eCitizen's "Ask the President-Elect": yet another setup?
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The eCitizen Foundation (ecitizenfoundation.org) has launched the "Ask the President-Elect" Project, where regular citizens can submit video or text questions for Barack Obama. The questions that get the most votes will then be asked of our new president or his transition team, with three of the top vote getters being flown to MIT for a live event.
And, it appears to be as much of a setup as similar past efforts. And, in fact, some of the same people involved in this effort were involved in past, failed efforts: see Open Debate Coalition: a failed format for fake debates.
Of course, by "failed", I mean from the perspective of those who want candidates to be asked tough, "prosecutorial-style" questions. From the perspective of those who want their favored puffballs to be asked, those past efforts were quite a success.
Are all these bright people so dim that they can't figure out the huge flaws in their method of selecting questions despite it having been illustrated to them two times already, or is this just an attempt to pretend to have a debate while not really having a debate at all? Unfortunately, I'm strongly supporting the latter explanation.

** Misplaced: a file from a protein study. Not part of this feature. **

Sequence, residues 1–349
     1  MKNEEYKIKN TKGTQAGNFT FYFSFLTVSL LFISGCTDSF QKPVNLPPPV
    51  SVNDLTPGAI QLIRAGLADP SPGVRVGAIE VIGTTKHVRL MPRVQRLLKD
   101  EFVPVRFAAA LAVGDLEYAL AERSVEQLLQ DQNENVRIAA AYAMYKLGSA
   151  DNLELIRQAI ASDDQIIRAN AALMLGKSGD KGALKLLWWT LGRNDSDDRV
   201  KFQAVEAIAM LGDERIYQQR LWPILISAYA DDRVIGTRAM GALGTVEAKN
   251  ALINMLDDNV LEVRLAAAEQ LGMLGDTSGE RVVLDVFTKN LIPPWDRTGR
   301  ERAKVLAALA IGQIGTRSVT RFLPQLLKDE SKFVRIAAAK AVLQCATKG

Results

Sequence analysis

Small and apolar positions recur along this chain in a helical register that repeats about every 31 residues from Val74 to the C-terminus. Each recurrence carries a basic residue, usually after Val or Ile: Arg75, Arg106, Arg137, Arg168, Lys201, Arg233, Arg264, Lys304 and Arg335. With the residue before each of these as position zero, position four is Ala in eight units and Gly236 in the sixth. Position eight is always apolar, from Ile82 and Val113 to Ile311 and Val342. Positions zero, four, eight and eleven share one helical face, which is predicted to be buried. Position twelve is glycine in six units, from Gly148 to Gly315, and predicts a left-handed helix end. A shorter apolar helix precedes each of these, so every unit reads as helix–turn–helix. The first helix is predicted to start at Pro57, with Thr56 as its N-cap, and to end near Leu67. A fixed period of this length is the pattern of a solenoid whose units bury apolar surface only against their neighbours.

Here are some of those involved in this go-round:
This effort is co-sponsored by the Foundation, the MIT eCitizen Architecture Program under the leadership of MIT Professor William Mitchell, powered by Founding Partners communityCOUNTS (forum) and CIVICS.com (open frameworks) and supported by cyberspace luminaries like Professor Lawrence Lessig of Stanford, Professor Ethan Katsh of UMass and Professor Michael Froomkin of University of Miami Law School. Our growing community of partners also includes techPresident, change.org, pajamasmedia, voterwatch, blip.tv and many more.
UPDATE: One of the four submissions marked with 'ecitizen' at Youtube provides yet another in the long line of worthless questions that those who don't want a real debate tend to highlight (link). The question asks what new programs Obama will have to help the middle class go to college, and was obviously asked by someone who has web access and would seem to be able to do some research first. For instance, BHO has a PDF discussing his "Blueprint for Change", and it contains some details. Then there are his speeches, the statements of advisors, and so on. But, for some reason, the questioner was unable to look at any of those and decided to ask a completely general question. But, for the same reason discussed here, it would make great TV.